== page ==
Pacific Reinsurance Management Corporation and Missioninsurance Company, Petitioners-appellees, v. Ohio Reinsurance Corporation; Walton Insurance Ltd.;abeille-paix Reassurances; Hamburg Internationalreinsurance Co.; Hassneh Insurance Co. of Israel, Ltd.;and Seguros America, S.a., Respondents-appellants, 814 F.2d 1324 (9th Cir. 1987)Annotate this Case
Elliot M. Kroll, Los Angeles, Cal., for respondents-appellants.
Linda M. Lasley, Los Angeles, Cal., for petitioners-appellees.
Appeal from the United States District Court for the Central District of California.
Before PREGERSON and NORRIS, Circuit Judges, and REED, Jr.,* District Judge.
EDWARD C. REED, Jr., District Judge:
Appellee Pacific Reinsurance Management Corporation (Pacific Re) acted as a reinsurance pool manager for the other parties to this action from 1970 through June, 1984. In that capacity, Pacific Re provided underwriting and claims handling facilities to service the reinsurance business it assumed on behalf of the insurers who participated in the pool. Under the management agreement which Pacific Re entered into with the pool members, it had the authority to underwrite and sign reinsurance agreements on behalf of the pool members, collect premiums and settle claims, and bill the pool members for their share of the losses. One standard form of management agreement was used from 1970 to 1979 (the 1970 management agreement), and a revised version of the agreement (the 1979 management agreement) was executed by all of the companies participating in the pool from 1979 to June of 1984.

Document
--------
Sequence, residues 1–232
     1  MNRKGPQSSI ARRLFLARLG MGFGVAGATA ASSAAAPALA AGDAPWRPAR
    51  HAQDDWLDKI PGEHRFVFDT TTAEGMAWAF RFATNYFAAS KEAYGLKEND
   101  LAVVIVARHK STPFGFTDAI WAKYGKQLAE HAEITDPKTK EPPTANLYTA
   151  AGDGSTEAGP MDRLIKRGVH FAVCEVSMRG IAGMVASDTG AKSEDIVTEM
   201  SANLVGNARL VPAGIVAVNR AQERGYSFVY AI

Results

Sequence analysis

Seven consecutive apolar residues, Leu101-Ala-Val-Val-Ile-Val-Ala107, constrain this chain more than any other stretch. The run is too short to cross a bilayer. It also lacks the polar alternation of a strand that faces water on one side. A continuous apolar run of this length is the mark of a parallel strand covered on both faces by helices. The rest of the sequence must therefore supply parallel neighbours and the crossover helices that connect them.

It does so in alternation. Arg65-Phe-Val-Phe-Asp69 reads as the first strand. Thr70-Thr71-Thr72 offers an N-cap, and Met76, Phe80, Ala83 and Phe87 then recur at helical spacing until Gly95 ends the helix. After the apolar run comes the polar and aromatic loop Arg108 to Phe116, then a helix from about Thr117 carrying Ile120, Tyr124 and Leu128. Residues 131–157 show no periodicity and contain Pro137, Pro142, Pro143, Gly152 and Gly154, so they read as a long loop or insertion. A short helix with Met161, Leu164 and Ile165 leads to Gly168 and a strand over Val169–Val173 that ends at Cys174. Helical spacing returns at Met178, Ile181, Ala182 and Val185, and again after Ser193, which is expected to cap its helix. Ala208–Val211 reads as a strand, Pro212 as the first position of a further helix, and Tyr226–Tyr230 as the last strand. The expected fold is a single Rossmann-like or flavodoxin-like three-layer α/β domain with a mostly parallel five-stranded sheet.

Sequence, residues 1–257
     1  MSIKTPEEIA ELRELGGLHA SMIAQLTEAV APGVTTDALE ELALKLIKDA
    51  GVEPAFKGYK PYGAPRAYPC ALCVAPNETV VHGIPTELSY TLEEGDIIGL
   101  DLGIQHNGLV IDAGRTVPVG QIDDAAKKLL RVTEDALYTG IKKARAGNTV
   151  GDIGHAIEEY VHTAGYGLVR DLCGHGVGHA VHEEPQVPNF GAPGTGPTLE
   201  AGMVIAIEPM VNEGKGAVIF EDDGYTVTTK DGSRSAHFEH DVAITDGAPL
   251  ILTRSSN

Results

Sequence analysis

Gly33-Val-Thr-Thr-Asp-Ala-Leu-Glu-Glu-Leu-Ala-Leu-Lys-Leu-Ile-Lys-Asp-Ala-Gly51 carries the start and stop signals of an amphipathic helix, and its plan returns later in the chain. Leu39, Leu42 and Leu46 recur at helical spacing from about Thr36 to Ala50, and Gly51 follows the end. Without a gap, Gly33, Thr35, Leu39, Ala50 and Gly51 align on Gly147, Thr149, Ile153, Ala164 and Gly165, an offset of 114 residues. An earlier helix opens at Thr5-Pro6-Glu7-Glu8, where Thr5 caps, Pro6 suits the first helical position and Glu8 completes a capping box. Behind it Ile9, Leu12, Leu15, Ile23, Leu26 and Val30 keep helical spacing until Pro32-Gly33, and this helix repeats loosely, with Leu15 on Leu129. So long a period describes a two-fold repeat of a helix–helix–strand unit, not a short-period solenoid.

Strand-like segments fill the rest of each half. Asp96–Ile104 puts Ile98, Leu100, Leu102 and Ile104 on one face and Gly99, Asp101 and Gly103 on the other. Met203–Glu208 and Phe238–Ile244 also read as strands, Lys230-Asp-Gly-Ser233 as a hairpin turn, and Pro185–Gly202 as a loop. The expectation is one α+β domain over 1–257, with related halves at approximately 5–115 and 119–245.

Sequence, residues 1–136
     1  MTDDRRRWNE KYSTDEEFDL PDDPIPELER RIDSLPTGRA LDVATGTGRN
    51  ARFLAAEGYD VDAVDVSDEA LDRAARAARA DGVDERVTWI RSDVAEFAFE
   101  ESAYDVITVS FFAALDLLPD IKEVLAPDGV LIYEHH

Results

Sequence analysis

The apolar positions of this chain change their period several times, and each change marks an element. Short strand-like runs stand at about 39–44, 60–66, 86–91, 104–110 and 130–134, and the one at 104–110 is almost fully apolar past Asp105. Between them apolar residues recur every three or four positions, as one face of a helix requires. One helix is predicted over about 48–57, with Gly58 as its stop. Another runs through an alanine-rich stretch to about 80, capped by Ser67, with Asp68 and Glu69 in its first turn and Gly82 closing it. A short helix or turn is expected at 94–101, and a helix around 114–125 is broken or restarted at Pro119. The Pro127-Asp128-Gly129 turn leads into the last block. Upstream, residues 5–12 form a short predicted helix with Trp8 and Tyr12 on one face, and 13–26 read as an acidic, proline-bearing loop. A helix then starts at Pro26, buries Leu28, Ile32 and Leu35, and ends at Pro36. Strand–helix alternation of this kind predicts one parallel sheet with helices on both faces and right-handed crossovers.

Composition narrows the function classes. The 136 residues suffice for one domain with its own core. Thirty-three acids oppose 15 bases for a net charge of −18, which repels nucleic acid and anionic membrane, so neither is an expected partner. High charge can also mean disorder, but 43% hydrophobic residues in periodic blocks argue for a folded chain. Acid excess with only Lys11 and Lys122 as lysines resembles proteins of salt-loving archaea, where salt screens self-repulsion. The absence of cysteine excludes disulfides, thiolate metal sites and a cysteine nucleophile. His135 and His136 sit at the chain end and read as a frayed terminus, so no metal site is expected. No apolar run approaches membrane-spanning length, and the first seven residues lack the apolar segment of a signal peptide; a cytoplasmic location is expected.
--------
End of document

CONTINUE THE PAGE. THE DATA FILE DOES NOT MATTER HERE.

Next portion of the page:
In addition, appellee Mission Insurance Company (Mission) "fronted" for pool members Walton and Ohio Reinsurance Corporation. Under this arrangement, Mission assumed reinsurance for itself, Walton, and Ohio, and then reinsured that portion of the reinsurance business it assumed on behalf of the other pool members. This fronting arrangement was documented by reinsurance agreements similar to the management agreements used by appellee Pacific Re. The reinsurance agreements also followed a standard form, created in 1970 (the 1970 reinsurance agreements) which was amended in 1979 (the 1979 reinsurance agreements).
All four forms of agreements contemplated arbitration of possible disputes between the parties. The 1970 management and reinsurance agreements did not establish any particular procedure for the selection of neutral umpires. Both the 1979 management and reinsurance agreements, however, incorporated a detailed procedure for the selection of arbitrators and for the selection of a neutral third arbitrator to serve as an umpire. Specifically, the 1979 management and reinsurance agreements included a provision which indicated that
[a]ny dispute ..., upon the written request of either party, shall be submitted to three arbitrators, one to be chosen by each party, and the third by the two so chosen.... If the two arbitrators fail to agree in the selection of a third arbitrator within thirty days of their appointment, each of them shall name two, of whom the other shall decline one and the designation shall be made by drawing lots.
Because some of the appellants entered into more than one of the said forms of agreement with the appellees, twelve separate agreements thus existed between the parties to this action. Five of the agreements, the 1970 management and reinsurance agreements, contained no contractual procedure for the selection of a neutral umpire, while the other seven 1979 agreements did.